When it comes to culture and history-rich destinations, big-name cities like Paris and Rome often take the crown. And while these lively metropolises can be easier to access, it’s the small towns — sometimes isolated by geography — that discerning wanderers will appreciate most. With compact and walkable town centers, main squares adorned with historic structures that now house fine-dining restaurants and chic boutiques, the small towns of America teem with culture and heritage, and the charming design styles will have any architecture lover spellbound.
This small town located southeast of Des Moines was founded in 1847 when around 800 Dutch immigrants fled to escape religious persecution. Today, it is a piece of the Netherlands found in the American Midwest. One of its most recognizable structures is the Vermeer Windmill, an 1850s-style grain mill built in the Netherlands and reassembled in Pella. Standing over 124 feet tall, it is the largest working windmill in North America, harkening back to Pella’s agricultural history and Dutch heritage. The windmill is located near the Historical Village, which boasts traditional 19th-century Dutch buildings that are festively decorated for Kerstmarkt, an annual holiday market. Another opportune time to visit Pella is during the spring for “Tulip Time” as the town’s famous flowers enter peak bloom.
Situated on the Monterey Peninsula, Carmel-by-the-Sea looks more like a fairytale village than a California beach town. Encompassing a single square mile, the village was constructed in the 1920s and became a place for creatives to call home, from entertainers Clint Eastwood and Bing Crosby to authors John Steinbeck and Jack London. Storybook cottages line the streets in town center, housing restaurants, high-end shopping, and boutique inns, such as the 100-year old L’Auberge Carmel, which boasts a Michelin-star restaurant. Nearby, a contrasting piece of local architecture is found at the Carmel Mission Basilica Museum, a Spanish colonial structure built in the 18th century that now features four museums with artwork, religious relics, local heritage exhibits, and gardens.
Deadwood, South Dakota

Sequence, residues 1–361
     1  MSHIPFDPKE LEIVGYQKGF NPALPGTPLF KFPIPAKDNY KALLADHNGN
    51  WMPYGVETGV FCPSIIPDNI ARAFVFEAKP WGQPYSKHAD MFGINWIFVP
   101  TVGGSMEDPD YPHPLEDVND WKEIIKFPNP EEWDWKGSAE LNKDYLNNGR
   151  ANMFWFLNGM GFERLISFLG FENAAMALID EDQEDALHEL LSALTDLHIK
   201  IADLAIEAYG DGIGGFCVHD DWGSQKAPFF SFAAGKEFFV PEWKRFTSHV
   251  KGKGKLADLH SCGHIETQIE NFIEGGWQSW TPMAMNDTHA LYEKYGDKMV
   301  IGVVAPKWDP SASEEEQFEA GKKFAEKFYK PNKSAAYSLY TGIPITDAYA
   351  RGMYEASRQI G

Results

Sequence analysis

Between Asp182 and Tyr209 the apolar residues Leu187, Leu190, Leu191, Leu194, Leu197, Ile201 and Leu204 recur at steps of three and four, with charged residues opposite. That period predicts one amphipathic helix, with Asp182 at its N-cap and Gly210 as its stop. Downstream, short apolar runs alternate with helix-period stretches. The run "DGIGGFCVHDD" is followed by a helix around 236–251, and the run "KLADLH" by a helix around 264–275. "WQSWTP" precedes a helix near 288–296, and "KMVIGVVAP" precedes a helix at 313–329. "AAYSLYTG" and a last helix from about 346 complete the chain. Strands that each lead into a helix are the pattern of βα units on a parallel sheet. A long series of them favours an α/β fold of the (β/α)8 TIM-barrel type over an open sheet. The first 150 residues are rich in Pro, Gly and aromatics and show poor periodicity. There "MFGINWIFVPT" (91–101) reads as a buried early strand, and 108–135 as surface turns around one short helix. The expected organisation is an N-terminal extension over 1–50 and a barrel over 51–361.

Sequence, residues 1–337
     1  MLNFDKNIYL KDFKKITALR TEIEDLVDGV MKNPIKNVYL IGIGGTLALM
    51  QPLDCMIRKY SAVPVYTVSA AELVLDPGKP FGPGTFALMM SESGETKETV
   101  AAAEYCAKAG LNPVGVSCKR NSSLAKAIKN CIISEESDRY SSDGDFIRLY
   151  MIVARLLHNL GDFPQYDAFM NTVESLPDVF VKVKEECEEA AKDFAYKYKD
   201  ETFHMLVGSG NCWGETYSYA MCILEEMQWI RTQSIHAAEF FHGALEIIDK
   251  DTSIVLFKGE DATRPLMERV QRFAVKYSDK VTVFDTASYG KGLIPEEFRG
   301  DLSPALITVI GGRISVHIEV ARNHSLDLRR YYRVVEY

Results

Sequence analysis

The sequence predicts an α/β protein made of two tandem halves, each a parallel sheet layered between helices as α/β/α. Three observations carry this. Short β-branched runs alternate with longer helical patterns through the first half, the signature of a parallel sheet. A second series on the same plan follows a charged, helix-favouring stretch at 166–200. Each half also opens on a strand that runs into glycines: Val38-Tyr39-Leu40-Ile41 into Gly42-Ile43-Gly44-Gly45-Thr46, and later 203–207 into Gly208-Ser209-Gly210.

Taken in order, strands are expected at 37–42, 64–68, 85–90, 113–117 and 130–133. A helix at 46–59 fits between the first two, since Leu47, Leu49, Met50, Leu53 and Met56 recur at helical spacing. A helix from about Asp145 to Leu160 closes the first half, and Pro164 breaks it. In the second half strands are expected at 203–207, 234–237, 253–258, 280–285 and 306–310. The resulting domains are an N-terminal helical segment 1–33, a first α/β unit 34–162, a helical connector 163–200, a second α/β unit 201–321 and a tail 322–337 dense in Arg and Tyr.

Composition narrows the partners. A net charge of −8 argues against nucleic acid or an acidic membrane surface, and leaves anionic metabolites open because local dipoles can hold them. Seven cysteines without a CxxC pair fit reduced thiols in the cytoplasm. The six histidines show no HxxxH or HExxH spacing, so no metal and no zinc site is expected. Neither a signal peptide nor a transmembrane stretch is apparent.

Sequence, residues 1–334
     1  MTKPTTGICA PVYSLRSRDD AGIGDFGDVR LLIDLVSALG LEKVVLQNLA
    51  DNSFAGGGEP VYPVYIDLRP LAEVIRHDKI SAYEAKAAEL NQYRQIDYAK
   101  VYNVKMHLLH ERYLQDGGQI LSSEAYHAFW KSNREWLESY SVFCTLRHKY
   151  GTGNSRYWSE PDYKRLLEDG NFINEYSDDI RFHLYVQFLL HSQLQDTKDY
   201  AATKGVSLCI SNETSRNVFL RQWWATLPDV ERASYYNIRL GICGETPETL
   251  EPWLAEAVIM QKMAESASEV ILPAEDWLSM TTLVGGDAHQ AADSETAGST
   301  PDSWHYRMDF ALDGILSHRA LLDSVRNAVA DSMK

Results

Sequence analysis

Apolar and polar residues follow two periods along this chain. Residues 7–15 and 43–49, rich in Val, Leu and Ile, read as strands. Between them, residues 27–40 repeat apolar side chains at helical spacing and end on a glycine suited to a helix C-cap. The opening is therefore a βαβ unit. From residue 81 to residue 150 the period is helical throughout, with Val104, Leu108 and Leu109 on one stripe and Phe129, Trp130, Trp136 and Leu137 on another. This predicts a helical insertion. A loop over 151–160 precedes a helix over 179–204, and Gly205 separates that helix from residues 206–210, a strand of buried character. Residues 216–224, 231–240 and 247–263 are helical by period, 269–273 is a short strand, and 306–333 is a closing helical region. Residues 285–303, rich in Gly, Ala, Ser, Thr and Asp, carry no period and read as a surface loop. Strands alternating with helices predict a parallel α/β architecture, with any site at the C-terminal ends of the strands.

Wild West figures like Wild Bill Hickok and Calamity Jane once roamed the streets of Deadwood, a small town in western South Dakota that was named a National Historic Landmark in 1961. Founded in 1876 after the discovery of gold in the Black Hills, many of the town’s wooden buildings were destroyed in a fire in 1879, but its stone and brick buildings remained. This resulted in the surprising Victorian aesthetic of downtown Main Street, as seen at the Adams House, a 19th-century Queen Anne-style home turned museum featuring original furnishings, stained glass windows, and fine oak interiors. Shops, rodeos, saloons, museums, and casinos now fill the rest of the town’s historic buildings.
Rosemary Beach, Florida
Rosemary Beach is located off of one of Florida’s most scenic coastal routes, 30A, on the Gulf Coast. If the warm, turquoise waters of the Gulf of Mexico weren’t enough to entice visitors, this town’s stunning architecture might do the trick. Named one of America’s most romantic small towns by CNN, Rosemary Beach's design was inspired by larger southern cities like St. Augustine, New Orleans, and Charleston, and features neo-traditional architecture (with a beachy flair), accompanied by hidden gardens, inviting porches, tree-lined patios, and cobblestone streets. One of the most recognizable hotels in town is the Pearl Hotel, ranked as the #10 hotel in Florida by the Condé Nast Traveler Readers’ Choice Awards. The 55-room boutique hotel boasts a rooftop bar, seaside spa, Old World European architecture, and signature black and white awnings.